Julissa Martinez graduated from UC Santa Cruz in 2009 with a B.A. in mathematics and went on to complete a M.S. in applied mathematics and statistics at the Baskin School of Engineering in 2012. Today, she works as a Senior Research Analyst for YouGov, an international public opinion and data company that performs market, academic, and political research.
YouGov regularly issues online surveys to collect data on people’s opinions and behaviors, especially around current events such as how Covid-19 has been impacting the way we live.
“We are asking people, ‘How has this affected you?’” Martinez explains. “I feel like it can sometimes even be therapy for our panelists- an outlet to express their opinions and be heard.”
When Martinez started at YouGov, she worked on programming the surveys her company puts out, but her role has evolved in the six years she has been there. In her current position, she still works to ensure the surveys are scripted correctly, but now she also monitors data collection to make sure the survey is hitting demographic quotas for a representative sample, runs statistical analyses to determine the significance of the results, and prepares reports for clients.
Martinez says that she enjoys her job because it allows her to use statistics to see how the world is changing. “It is pretty interesting to see the results,” she says. “You see all these different patterns and trends in behavior.”
What she likes most about the work she does, however, is that it gives people a chance to be heard. “What is most important about our company is we give people a voice,” Martinez explains. “A lot of times in our comments section, people say, ‘Thank you for giving me this chance to say what I think.’”
Falling in love with statistics
The kind of practical applications of statistics that Martinez uses every day at YouGov are an extension of what she says made her fall in love with the subject in the first place. She explains that in high school, she had no interest in math, and had planned to major in psychology when she entered college. In her senior year, however, she took an AP Statistics course, and she fell in love with the subject.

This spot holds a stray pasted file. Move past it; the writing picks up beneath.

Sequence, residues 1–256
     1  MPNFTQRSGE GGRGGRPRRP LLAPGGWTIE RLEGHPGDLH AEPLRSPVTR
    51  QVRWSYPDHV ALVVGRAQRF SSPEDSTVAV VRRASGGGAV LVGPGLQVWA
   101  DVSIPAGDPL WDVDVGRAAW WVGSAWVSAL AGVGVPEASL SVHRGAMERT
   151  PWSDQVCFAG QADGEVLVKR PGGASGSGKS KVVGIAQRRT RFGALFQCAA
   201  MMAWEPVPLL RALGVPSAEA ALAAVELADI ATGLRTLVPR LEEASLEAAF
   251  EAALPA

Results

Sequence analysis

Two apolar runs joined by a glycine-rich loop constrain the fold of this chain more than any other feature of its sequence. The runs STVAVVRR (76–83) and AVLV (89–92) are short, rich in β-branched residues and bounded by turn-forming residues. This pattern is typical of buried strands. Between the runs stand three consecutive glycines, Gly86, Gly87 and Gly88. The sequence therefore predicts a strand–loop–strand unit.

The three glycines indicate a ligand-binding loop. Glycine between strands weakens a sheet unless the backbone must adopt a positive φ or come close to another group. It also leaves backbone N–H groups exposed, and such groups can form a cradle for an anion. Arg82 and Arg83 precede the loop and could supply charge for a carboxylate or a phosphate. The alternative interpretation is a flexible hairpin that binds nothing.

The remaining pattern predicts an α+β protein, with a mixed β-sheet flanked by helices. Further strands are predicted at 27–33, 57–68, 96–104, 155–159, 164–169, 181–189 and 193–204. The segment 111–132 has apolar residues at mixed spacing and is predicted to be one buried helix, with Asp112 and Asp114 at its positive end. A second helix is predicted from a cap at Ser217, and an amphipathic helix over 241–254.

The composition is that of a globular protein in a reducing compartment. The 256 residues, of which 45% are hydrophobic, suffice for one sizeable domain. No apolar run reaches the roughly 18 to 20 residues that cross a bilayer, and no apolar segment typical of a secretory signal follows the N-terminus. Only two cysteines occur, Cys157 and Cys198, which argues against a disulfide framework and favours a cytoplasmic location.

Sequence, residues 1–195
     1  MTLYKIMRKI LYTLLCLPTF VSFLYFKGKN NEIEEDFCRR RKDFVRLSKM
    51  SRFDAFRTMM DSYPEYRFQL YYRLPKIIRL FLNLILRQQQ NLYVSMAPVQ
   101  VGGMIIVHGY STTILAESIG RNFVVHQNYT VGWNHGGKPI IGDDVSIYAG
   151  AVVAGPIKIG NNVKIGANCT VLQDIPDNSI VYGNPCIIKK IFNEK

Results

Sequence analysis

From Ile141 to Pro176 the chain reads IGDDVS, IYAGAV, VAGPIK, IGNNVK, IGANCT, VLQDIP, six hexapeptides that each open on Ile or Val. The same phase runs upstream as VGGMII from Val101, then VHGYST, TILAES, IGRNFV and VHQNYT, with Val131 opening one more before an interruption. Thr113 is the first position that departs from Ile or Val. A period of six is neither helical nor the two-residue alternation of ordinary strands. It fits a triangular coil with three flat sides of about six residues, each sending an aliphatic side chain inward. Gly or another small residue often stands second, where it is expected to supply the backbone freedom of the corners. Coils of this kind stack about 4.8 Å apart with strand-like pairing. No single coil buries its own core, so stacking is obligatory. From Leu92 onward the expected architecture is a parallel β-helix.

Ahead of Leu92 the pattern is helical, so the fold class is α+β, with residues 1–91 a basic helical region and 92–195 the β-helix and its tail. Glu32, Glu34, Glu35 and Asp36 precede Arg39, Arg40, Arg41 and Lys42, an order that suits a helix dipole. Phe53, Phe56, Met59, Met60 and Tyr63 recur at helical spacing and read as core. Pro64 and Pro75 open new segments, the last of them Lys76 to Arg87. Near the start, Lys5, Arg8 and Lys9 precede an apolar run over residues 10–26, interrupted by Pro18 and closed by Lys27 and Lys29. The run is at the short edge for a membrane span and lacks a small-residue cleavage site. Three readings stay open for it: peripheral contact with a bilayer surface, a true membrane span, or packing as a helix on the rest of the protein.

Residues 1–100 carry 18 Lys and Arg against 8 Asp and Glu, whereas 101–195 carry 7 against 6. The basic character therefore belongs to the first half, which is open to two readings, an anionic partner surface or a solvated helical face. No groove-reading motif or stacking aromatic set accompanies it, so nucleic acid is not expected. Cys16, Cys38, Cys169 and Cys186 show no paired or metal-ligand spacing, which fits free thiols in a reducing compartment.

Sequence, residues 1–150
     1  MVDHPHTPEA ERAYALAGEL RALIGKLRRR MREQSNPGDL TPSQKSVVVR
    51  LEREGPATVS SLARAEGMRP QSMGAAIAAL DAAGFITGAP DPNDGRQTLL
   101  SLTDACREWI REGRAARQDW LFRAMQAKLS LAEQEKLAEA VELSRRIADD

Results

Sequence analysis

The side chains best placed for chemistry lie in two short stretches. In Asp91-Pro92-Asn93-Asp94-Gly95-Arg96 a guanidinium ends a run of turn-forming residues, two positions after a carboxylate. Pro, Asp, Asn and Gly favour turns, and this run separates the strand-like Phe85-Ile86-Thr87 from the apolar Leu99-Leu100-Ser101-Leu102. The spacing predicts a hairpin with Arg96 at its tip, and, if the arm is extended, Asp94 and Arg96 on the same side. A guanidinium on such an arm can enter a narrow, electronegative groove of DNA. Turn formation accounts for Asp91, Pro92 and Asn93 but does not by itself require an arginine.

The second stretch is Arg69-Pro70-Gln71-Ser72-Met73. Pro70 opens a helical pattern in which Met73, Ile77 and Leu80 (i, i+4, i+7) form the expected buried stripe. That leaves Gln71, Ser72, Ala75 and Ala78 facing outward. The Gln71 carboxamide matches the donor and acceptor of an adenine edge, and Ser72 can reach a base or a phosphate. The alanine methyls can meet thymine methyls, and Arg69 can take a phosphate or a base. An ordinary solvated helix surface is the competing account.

“Don’t shy away from a major just because you think it is going to be difficult.”
“I fell in love with stats and numbers,” she says. “I was amazed with how you could use numbers to help you make decisions on all sorts of different things. I remember our teacher gave us an example of how researchers used statistics to figure out that warmer operating room temperatures helped patients recover more quickly, and I thought, ‘Woah, you can make that kind of inference using math? That’s pretty cool.’”
When Martinez entered UC Santa Cruz as an undergraduate, she immediately took a statistics course with Baskin Engineering professor David Draper, who recognized her love for the subject and advised her to major in math with a minor in statistics, since there wasn’t a statistics major. After completing her undergraduate degree, Martinez was still hungry to learn more, and entered a master’s program in applied mathematics and statistics at Baskin Engineering.
Researching operating curves
In graduate school, Martinez worked with statistics professor Abel Rodríguez on receiver operating curves, which are used to measure the discriminating ability of biomarkers. She explains that in medicine, biomarkers can be used to classify patients as healthy or as having a particular disease state such as cancer. Typically for a biomarker, medical professionals pick a threshold above which they classify a person as positive for a particular disease, and below which they classify a person as negative. However, some healthy people can have high levels of the biomarker being used, resulting in false positives, and some sick people could have low levels of the biomarkers, resulting in false negatives. Receiver operator curves like the ones Martinez was working with allow medical professionals to analyze the different markers and pick the one that best classifies people into the right category across various thresholds.
Martinez enjoyed the fact that the research she did had such practical applications for patients, and has some fond memories of being a graduate student at UCSC. In the Applied Mathematics and Statistics Department, professors would host “B&C Fridays,” where they would bring bagels and coffee in the morning and socialize with the graduate students.
“Grad school could get hectic, and it was a nice time where you could just talk and enjoy and hang out with people, at least for a half an hour, and not stress,” Martinez says.
Advice for students
Martinez confesses that at the start of her educational journey, she was intimidated by math because she thought that it would be a difficult major, but her advice for students is to give math and statistics a try.
“Don’t shy away from a major just because you think it is going to be difficult,” she urges. “At least give math a chance, because even though it can be difficult, it has a lot of cool applications that I think are worth it.”